With regard to fiscal policies, members underlined that full and consistent implementation of the Stability and Growth Pact was key for confidence in Europe’s fiscal framework. While it was judged that the Governing Council should not interfere with the application of the fiscal rules on a case-by-case basis, which was the prerogative of the European Commission, concerns were expressed about a tendency in recent decisions to exercise greater discretion in the implementation of the legal provisions and to use flexibility to the maximum extent. Doubts about the enforcement of the Stability and Growth Pact were seen to increase uncertainty and to risk weakening further the credibility of the fiscal framework over time. It was widely felt that lasting damage to confidence from a weakening of the rules-based approach would far outweigh any rather limited short-term gains that could conceivably arise by supporting activity via a loosening of the aggregate fiscal stance, as opposed to a full and consistent implementation of the rules at present and in future. However, a view was also put forward that, from a macroeconomic perspective, the recent decisions by the European Commission were defendable and appeared to be in line with the broadly neutral fiscal stance as entailed in the projections. Overall, there was broad agreement that the Governing Council should send a firm message on the need for full and consistent implementation of the fiscal rules.
Monetary policy decisions and communication
Taking into account the foregoing, on a proposal from the President, the Governing Council decided that the interest rate on the main refinancing operations and the interest rates on the marginal lending facility and the deposit facility would remain unchanged at 0.05%, 0.30% and -0.20% respectively.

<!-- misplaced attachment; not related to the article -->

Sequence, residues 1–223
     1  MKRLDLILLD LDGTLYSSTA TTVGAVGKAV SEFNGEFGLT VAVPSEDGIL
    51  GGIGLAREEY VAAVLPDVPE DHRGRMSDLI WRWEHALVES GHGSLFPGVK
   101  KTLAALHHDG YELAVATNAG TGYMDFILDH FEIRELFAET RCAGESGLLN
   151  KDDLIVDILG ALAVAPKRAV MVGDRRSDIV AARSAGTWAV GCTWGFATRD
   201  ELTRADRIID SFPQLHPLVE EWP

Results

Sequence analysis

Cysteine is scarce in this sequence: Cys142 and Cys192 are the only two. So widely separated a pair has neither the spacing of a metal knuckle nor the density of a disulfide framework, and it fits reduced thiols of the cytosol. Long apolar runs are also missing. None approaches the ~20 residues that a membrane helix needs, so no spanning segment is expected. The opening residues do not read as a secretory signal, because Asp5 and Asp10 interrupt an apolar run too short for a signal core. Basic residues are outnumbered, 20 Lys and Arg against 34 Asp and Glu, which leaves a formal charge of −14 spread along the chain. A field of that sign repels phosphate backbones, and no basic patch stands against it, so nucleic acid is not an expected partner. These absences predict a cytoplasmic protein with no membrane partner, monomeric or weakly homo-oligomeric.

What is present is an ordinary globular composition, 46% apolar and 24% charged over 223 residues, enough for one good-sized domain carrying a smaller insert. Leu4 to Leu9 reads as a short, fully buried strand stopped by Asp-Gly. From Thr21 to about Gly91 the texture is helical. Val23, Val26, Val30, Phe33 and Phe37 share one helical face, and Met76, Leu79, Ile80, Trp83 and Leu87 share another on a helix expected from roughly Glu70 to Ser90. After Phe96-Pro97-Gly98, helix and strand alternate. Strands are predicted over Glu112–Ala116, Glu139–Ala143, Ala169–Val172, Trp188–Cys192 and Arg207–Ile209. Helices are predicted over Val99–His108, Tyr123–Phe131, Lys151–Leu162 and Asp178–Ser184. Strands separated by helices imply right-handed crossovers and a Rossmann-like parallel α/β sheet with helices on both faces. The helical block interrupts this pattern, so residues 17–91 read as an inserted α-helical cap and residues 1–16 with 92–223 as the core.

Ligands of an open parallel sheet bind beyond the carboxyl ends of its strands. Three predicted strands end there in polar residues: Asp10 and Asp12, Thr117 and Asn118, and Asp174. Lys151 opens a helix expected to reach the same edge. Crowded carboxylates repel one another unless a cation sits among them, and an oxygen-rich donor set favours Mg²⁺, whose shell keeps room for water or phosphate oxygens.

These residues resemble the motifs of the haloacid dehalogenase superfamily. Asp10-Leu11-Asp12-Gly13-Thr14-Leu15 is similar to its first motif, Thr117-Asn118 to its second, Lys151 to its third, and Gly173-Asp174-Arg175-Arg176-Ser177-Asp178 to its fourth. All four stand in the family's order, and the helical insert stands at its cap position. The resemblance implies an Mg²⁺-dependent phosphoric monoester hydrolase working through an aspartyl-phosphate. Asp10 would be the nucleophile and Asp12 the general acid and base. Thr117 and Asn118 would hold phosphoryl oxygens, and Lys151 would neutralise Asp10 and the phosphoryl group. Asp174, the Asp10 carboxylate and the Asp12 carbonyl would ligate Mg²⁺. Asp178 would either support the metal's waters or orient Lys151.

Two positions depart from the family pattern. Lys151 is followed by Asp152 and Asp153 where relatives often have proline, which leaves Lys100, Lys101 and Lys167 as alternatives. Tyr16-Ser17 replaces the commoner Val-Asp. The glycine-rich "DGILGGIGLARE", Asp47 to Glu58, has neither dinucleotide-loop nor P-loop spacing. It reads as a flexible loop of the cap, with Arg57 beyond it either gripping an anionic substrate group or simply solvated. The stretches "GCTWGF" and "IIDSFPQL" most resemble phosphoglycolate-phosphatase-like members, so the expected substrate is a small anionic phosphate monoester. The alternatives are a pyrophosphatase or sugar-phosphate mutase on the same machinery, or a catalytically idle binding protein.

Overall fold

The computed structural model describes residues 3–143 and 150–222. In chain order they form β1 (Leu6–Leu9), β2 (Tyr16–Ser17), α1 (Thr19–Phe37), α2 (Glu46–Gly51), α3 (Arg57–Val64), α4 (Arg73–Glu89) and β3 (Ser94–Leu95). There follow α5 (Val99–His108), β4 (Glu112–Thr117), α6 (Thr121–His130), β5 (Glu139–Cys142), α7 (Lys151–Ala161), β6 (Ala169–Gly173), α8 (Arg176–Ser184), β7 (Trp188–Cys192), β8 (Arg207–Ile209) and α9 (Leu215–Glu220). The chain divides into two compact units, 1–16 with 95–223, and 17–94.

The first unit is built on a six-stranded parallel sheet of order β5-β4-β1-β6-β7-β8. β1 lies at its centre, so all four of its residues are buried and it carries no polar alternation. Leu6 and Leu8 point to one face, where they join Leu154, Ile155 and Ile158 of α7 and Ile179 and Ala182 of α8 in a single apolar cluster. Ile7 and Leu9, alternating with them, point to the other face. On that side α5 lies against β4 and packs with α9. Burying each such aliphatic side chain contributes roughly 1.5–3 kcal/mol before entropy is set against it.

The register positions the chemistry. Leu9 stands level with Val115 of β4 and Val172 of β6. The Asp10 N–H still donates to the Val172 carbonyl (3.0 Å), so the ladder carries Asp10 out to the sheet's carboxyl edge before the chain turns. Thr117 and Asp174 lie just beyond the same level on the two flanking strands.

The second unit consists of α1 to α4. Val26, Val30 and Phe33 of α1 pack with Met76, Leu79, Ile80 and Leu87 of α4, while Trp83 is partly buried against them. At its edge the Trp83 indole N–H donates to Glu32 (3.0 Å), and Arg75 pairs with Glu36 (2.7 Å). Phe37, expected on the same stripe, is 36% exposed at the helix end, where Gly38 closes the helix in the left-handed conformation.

With regard to the PSPP, the Governing Council adopted the ECB Decision on a secondary markets public sector asset purchase programme, establishing the PSPP and its eligibility criteria (ECB/2015/10).
Regarding implementation issues related to the PSPP, the Governing Council also decided on the initial list of eligible agencies located in the euro area, which would apply from 5 March 2015. This initial list of eligible entities may be amended following the Governing Council meeting on 15 April 2015, based on monetary policy considerations and duly reflecting risk management aspects. The Governing Council furthermore decided on the list of eligible international organisations and multilateral development banks located in the euro area. Both lists would be included in the communication provided by the ECB on its website on “Implementation aspects of the public sector purchase programme”.
The members of the Governing Council subsequently finalised the introductory statement, which the President and the Vice-President would, as usual, deliver at the press conference following the end of the current Governing Council meeting.
Related press and web releases
Meeting of the ECB’s Governing Council, 4-5 March 2015
Mr Draghi, President
Mr Constâncio, Vice-President
Ms Georghadji *
Mr Stournaras *
Mr Vasiliauskas *
Mr Visco *
* Members not holding a voting right in March 2015 under Article 10.2 of the ESCB Statute.
Mr Van der Haegen, Secretary, Director General Secretariat
Mr Winkler, Deputy Secretary for monetary policy, Senior Adviser, DG Economics
Ms Le Lorier
Mr Malo de Molina, Alternate to Mr Linde
Mr Schoder, Alternate to Mr Reinesch
Other ECB staff
Ms Graeff, Director General Communications
Mr Smets, Counsellor to the President
Mr Klöckers, Deputy Director General, DG Economics
Mr Rostagno, Director Monetary Policy, DG Economics
Release of the next monetary policy account foreseen on Thursday, 21 May 2015.